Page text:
“We have three amazing teammates,” said Weigand, “and we have a great mentor in Johnny (Campbell) and a great bike in Honda. We’ve won this race before so we expected to do the same.” 

“I am overwhelmed by the effort my pit crews put together to make this race run smoothly,” said Johnny Campbell. “JCR brings a small army of some of the most extraordinary people together to make a race like the Baja 1000 possible. I can’t thank them enough for their service and support. I am proud to have each one of them in the JCR family and look forward to many more adventures together. Thank you to the racers for their commitment to upholding this Honda legacy and our 16th Baja 1000 win in a row.”

[SRC: Honda]

Thursday, December 6, 2012

Polaris Acquires KLIM Technical Riding Gear

MINNEAPOLIS--(BUSINESS WIRE)--Dec. 6, 2012-- Polaris Industries Inc. (NYSE: PII) today announced the acquisition of Teton Outfitters, LLC, a privately owned, Rigby, Idaho-based company which designs, develops and distributes KLIM Technical Riding Gear. Calendar year 2012 sales for KLIM are anticipated to approach $30 million. KLIM is an industry leader in technical riding gear. This acquisition adds KLIM to Polaris’ growing parts, garments and accessories (PG&A) business. The terms of the transaction were not disclosed.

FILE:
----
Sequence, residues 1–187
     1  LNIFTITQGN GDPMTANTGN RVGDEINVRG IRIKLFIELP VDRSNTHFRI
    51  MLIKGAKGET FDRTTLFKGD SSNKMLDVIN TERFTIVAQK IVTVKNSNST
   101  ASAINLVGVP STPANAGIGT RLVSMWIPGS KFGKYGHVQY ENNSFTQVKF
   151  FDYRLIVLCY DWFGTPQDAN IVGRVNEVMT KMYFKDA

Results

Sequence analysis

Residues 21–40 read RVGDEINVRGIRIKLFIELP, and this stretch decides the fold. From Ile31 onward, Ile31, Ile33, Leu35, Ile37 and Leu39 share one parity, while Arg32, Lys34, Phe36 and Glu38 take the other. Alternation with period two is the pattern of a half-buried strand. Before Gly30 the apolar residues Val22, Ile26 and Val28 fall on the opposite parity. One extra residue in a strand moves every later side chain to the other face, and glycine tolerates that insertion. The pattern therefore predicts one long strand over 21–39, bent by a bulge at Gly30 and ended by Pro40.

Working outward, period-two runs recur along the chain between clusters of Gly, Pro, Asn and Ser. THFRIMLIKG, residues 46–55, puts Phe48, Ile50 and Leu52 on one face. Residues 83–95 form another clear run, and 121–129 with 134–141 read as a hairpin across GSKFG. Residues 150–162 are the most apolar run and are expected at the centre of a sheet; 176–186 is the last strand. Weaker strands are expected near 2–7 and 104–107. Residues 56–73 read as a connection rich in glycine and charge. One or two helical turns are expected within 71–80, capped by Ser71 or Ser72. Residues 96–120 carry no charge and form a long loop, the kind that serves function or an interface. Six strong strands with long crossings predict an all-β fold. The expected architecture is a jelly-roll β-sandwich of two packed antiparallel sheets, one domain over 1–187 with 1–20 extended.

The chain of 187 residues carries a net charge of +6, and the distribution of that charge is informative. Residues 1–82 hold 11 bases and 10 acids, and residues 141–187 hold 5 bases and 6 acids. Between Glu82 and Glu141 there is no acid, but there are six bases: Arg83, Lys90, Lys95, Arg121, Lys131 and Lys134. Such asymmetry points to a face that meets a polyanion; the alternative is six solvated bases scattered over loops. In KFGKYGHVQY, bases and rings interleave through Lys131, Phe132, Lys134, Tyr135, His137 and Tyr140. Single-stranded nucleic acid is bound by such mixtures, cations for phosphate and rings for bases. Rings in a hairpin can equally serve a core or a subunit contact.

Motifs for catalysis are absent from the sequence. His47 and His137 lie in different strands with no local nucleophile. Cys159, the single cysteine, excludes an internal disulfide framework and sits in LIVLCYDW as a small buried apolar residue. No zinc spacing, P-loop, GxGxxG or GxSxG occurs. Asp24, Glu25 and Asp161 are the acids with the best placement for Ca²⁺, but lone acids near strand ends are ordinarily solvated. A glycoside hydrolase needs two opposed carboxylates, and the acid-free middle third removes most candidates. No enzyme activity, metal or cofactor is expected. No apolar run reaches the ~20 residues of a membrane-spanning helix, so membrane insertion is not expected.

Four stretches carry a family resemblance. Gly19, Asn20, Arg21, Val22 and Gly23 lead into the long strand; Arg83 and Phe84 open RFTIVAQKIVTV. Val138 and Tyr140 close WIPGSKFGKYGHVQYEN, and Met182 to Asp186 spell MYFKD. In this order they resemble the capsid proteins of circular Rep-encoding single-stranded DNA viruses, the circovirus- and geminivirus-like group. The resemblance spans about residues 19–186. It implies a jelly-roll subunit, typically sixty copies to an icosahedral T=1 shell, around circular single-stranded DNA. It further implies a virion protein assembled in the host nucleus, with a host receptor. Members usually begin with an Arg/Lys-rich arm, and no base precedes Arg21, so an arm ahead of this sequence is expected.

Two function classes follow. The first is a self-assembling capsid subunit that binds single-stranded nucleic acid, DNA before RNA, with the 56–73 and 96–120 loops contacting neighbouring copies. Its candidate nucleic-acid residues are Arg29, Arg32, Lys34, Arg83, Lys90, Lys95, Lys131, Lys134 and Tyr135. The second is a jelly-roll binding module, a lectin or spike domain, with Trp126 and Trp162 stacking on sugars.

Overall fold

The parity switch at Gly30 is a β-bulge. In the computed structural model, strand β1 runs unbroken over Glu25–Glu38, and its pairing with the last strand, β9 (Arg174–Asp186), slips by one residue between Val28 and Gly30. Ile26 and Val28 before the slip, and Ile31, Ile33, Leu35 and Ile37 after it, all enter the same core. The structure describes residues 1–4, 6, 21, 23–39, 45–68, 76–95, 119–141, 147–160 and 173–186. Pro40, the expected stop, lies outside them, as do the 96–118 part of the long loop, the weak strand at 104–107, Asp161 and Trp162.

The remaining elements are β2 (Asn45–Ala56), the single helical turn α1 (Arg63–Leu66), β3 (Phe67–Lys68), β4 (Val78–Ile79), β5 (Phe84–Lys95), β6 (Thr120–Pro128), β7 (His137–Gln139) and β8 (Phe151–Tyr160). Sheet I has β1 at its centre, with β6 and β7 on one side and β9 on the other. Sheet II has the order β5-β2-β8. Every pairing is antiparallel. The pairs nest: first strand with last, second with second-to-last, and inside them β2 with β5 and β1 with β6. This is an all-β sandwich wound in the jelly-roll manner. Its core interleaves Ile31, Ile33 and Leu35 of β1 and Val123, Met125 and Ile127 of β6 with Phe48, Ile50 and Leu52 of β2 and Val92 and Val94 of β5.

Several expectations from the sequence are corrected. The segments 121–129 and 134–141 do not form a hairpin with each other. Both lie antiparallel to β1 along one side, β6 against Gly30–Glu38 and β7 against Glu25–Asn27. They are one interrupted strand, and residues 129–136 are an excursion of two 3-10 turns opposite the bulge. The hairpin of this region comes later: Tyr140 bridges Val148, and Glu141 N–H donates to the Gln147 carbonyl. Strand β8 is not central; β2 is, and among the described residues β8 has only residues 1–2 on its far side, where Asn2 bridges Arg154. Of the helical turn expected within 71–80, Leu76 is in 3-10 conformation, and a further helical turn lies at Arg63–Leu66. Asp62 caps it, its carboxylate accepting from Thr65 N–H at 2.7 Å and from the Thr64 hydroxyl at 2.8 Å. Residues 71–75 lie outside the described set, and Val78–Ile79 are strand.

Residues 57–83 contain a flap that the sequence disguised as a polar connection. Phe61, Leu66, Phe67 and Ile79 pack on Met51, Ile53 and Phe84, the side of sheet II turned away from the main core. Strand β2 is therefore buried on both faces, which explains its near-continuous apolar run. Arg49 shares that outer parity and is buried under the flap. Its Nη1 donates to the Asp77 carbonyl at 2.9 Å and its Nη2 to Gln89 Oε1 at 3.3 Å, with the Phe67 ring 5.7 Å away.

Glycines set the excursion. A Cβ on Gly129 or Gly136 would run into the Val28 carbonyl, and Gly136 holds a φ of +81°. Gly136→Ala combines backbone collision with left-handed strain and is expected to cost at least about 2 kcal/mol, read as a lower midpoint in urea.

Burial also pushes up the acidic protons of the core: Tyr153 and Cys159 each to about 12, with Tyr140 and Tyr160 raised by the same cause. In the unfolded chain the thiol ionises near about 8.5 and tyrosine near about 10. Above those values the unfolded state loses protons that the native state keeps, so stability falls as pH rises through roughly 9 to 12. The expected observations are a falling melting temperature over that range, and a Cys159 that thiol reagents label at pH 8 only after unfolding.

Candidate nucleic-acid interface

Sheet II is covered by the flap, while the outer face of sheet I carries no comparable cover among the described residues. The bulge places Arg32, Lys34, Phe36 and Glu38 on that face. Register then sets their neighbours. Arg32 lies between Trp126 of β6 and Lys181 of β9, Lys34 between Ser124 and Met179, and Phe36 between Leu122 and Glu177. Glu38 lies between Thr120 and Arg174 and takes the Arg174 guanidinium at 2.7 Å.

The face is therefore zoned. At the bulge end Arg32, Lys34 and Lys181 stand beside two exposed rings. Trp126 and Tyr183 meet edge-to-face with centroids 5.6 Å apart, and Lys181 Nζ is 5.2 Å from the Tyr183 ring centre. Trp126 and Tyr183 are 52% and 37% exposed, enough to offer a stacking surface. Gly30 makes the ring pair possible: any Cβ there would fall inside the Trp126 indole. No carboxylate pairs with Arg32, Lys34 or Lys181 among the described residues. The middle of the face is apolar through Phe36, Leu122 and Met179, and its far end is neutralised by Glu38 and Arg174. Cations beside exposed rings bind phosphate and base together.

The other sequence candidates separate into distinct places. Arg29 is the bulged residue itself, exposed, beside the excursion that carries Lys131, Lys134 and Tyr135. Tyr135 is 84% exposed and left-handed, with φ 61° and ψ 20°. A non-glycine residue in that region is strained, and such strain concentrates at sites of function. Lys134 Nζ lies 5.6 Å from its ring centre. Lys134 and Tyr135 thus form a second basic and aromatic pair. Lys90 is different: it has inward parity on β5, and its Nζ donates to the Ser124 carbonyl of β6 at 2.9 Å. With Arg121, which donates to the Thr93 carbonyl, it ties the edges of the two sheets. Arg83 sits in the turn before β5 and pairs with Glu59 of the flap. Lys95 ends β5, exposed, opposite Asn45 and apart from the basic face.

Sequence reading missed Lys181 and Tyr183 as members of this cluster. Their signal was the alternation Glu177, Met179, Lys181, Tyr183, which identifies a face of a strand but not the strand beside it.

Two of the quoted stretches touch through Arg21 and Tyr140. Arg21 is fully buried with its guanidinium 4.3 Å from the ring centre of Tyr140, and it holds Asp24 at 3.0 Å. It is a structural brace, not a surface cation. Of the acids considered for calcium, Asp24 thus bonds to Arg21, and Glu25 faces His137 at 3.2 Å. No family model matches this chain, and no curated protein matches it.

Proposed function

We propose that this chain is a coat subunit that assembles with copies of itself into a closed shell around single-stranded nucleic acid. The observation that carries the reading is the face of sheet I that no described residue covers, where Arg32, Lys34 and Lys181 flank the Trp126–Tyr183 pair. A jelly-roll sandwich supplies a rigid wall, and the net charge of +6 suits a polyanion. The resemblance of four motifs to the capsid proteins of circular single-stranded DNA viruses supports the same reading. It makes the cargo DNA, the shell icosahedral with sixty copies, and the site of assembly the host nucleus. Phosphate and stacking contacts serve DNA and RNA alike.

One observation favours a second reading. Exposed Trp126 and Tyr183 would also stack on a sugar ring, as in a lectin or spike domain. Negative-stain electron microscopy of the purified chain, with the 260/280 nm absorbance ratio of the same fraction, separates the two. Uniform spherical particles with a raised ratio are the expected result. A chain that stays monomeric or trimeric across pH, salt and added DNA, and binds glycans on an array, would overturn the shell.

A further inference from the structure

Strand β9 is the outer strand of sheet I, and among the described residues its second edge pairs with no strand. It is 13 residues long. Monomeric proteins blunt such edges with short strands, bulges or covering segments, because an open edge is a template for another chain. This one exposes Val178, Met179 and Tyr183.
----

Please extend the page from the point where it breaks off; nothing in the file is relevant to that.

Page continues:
Saturday, December 1, 2012

KTM 350 EXC-F: A Conclusion


KTM’s “Ready-to-race” mantra sticks to the 350 EXC-F for sure - but this motorcycle is more than a race bike.

Every part of this motorcycle was designed to perform.  It sums up to a very agile, predictable and easy to drive off-road bike in all trail conditions.  Surprisingly, it also makes the 350 EXC-F an ideal motorcycle for off-road neophytes as it easily forgives mistakes.  However, there are fine prints: the bike does not fit everyone.  As an example, with my 5’9” frame, I had to adapt to the seat height.  But once you’re off, the experience is unique.

In 5 points, what I liked the most about this bike:

Saturday, November 17, 2012